NORRISTOWN, Pa. — Bill Cosby's lawyer asked jurors not to view him as a fallen celebrity on trial in a sexual assault case, but as a flawed man "whose infidelities have made him vulnerable" to these types of accusations.
Cosby, 79, the champion of fatherhood and family values, walked into court on the first day of the trial Monday without his wife of more than 50 years, Camille, or any of their four daughters. He was instead joined by a TV daughter, Keshia Knight Pulliam, who was 5 when he made her a child star on the "The Cosby Show."
On Tuesday, Cosby arrived at the courthouse with his spokesman, Andrew Wyatt.
A prosecutor in opening statements urged the jury to focus on the man, not the fictional characters he created.
"Actors and actresses, celebrities as a whole ... they become larger than life. We have a collective imagination of all of the characters they portray and, because of that, we think that we really know them," Assistant District Attorney Kristen Feden said. "In reality, we only have a glimpse of who they really are."
About 60 women have accused Cosby of sexually assaulting them since 1965, but Cosby is charged in just one case, involving a former Temple University basketball team employee who said he drugged and molested her at his suburban Philadelphia home in 2004.
"I have three friends for you to make you relax," Cosby told Andrea Constand as he gave her three unmarked pills, Feden said, quoting from Cosby's deposition.
Constand, who said she thought it was an herbal product, told police she fell into a stupor, unable to rebuff him as he molested her on the couch. She is expected to testify later this week.
Prosecutors on Monday opened the trial with a woman who broke down in tears as she testified that the comedian had violated her, eight years earlier, at a hotel bungalow in Los Angeles.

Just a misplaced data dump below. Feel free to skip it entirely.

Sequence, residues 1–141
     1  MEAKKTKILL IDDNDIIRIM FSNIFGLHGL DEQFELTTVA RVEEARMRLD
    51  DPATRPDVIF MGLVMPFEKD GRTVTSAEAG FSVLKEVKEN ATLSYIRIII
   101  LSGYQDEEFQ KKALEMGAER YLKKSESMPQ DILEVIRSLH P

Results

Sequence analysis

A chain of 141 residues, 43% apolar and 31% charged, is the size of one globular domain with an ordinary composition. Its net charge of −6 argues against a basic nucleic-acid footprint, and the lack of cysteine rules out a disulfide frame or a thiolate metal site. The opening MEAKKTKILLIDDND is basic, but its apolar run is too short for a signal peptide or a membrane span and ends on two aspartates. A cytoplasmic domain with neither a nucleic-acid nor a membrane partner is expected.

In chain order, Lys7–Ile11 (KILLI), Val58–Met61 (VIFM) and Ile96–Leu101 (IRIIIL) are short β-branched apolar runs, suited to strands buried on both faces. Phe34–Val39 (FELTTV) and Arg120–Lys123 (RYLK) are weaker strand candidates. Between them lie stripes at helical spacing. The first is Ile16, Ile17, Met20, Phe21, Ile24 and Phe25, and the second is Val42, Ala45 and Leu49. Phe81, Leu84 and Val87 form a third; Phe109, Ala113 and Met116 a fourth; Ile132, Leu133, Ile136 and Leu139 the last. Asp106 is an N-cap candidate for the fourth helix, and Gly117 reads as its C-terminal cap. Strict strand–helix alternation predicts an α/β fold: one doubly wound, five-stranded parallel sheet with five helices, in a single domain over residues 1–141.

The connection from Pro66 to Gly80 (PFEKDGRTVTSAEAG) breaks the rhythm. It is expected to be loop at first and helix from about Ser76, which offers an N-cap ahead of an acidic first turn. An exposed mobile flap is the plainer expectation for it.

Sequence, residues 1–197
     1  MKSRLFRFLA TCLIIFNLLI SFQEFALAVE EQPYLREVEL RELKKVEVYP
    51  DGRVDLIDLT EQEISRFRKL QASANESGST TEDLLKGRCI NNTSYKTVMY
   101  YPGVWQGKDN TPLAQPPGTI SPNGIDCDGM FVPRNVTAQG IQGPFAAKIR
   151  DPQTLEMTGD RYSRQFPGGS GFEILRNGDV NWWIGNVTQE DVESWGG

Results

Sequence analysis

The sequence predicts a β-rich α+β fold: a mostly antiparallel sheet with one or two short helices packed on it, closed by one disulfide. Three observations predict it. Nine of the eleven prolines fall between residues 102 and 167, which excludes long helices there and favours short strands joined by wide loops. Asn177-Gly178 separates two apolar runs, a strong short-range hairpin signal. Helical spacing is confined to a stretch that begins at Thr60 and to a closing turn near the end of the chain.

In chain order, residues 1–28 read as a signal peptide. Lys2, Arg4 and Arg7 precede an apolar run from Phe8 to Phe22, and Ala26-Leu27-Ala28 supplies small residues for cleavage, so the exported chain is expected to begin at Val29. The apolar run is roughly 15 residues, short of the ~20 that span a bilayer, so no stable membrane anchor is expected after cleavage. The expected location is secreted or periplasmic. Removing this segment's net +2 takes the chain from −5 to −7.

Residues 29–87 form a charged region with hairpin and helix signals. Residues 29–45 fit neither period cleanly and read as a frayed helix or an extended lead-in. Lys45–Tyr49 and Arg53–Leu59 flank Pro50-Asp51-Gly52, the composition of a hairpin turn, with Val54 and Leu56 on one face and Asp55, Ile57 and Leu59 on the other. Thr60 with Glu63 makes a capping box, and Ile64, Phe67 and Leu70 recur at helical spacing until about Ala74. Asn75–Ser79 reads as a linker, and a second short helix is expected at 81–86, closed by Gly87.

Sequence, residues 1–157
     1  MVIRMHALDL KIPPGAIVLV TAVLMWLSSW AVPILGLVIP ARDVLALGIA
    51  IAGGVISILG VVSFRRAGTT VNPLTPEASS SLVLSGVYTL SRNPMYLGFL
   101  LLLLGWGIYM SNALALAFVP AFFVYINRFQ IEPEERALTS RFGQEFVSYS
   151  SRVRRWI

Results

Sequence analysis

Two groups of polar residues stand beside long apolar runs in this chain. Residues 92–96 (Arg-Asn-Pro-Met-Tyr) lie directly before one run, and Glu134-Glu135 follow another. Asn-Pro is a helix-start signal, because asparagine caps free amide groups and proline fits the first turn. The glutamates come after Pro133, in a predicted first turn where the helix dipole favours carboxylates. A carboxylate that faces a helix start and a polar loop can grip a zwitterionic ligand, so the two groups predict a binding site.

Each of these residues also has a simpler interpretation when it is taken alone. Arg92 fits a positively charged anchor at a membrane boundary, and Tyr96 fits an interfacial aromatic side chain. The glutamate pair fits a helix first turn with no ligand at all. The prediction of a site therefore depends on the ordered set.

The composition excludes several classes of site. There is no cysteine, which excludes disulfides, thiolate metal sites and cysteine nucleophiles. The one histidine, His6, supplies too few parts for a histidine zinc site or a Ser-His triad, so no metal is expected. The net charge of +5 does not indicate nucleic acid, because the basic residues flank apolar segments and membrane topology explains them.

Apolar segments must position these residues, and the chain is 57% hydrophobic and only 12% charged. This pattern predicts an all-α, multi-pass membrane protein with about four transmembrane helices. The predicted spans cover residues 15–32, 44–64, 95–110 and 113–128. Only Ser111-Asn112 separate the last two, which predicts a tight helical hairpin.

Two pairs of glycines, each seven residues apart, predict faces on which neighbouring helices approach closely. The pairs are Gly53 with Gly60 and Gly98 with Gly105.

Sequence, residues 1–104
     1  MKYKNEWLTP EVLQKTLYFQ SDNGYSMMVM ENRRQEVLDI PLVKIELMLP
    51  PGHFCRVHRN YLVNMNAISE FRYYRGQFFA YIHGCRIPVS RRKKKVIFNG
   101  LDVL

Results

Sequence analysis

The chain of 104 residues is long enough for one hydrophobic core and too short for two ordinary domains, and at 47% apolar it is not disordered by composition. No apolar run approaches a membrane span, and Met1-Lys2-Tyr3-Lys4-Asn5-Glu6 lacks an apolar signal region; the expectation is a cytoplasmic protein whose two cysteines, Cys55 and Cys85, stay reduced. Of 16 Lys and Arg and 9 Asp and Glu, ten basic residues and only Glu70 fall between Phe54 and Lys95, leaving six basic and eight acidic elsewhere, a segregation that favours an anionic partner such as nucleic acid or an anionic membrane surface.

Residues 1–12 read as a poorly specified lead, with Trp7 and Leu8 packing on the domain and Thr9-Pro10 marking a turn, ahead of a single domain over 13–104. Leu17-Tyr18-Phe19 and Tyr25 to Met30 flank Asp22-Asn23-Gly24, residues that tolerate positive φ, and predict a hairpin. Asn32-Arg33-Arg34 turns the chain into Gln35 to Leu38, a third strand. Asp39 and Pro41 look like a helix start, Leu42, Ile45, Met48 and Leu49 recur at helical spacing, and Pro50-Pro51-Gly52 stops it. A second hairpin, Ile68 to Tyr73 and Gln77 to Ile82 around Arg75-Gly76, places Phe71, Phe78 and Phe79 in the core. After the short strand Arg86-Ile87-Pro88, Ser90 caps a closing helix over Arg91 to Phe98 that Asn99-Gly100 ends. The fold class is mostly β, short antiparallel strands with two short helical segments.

Kelly Johnson, of Atlanta, worked for one of Cosby's agents at the William Morris Agency. Prosecutors hope her testimony will show that Cosby had a pattern of assaulting women after befriending them.
Johnson said Cosby pressured her to take a large white pill that knocked her out. When she woke up, she said, he put lotion on her hand and forced her to touch his genitals.
"My dress was pulled up from the bottom, and it was pulled down from the top, and my breasts were out," she said, crying. "And I felt naked."
Defense lawyer Brian McMonagle suggested Johnson was far from credible, arguing that she said years ago that the encounter took place in 1990, and failed to mention on Monday that Cosby had given her $400.
Cosby grinned and tapped his cane at the defense table as McMonagle confronted her with the discrepancies. Johnson struggled to explain them.
She first raised the accusations in 2015, when she spoke out at a news conference organized by celebrity lawyer Gloria Allred.
"I felt embarrassed (at the time) because I had a secret about the biggest celebrity in the world at the time and it was just me, just my word against his, and I was very afraid," Johnson said Monday, explaining the delay.
Her mother and a lawyer involved in her related worker's compensation case against William Morris could be the first witnesses Tuesday if the judge permits their testimony.
Constand, 44, of the Toronto area, is expected to take the stand this week and tell her story in public for the first time.
McMonagle also has attacked inconsistencies in her story, pointing out that she initially told police she never spoke with Cosby after the alleged assault. But phone records, he said, show the two talked 72 times that year, with 53 of those calls initiated by Constand.
He told jurors their relationship was romantic. Constand's lawyer has disputed that since Constand was dating a woman at the time.
Regardless, Feden said Constand could not have consented that night given her condition.
"She couldn't say no," Feden said. "She can't move, she can't talk. Completely paralyzed. Frozen. Lifeless."
Cosby, his good-guy reputation already in ruins, could get 10 years in prison if convicted of aggravated indecent assault.
The AP does not typically identify people who say they are sexual assault victims unless they grant permission, which Constand and Johnson have done.